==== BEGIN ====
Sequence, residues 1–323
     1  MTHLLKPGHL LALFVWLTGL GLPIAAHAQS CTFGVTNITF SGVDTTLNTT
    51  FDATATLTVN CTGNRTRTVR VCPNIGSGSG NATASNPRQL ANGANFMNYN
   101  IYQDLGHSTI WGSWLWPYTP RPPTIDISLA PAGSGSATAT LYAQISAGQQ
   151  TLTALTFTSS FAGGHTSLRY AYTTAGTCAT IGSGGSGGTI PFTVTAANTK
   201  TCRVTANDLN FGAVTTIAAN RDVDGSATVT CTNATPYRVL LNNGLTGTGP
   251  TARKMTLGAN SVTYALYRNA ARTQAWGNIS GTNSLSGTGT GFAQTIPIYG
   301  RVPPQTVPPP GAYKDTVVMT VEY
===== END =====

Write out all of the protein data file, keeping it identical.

Sequence, residues 1–323
     1  MTHLLKPGHL LALFVWLTGL GLPIAAHAQS CTFGVTNITF SGVDTTLNTT
    51  FDATATLTVN CTGNRTRTVR VCPNIGSGSG NATASNPRQL ANGANFMNYN
   101  IYQDLGHSTI WGSWLWPYTP RPPTIDISLA PAGSGSATAT LYAQISAGQQ
   151  TLTALTFTSS FAGGHTSLRY AYTTAGTCAT IGSGGSGGTI PFTVTAANTK
   201  TCRVTANDLN FGAVTTIAAN RDVDGSATVT CTNATPYRVL LNNGLTGTGP
   251  TARKMTLGAN SVTYALYRNA ARTQAWGNIS GTNSLSGTGT GFAQTIPIYG
   301  RVPPQTVPPP GAYKDTVVMT VEY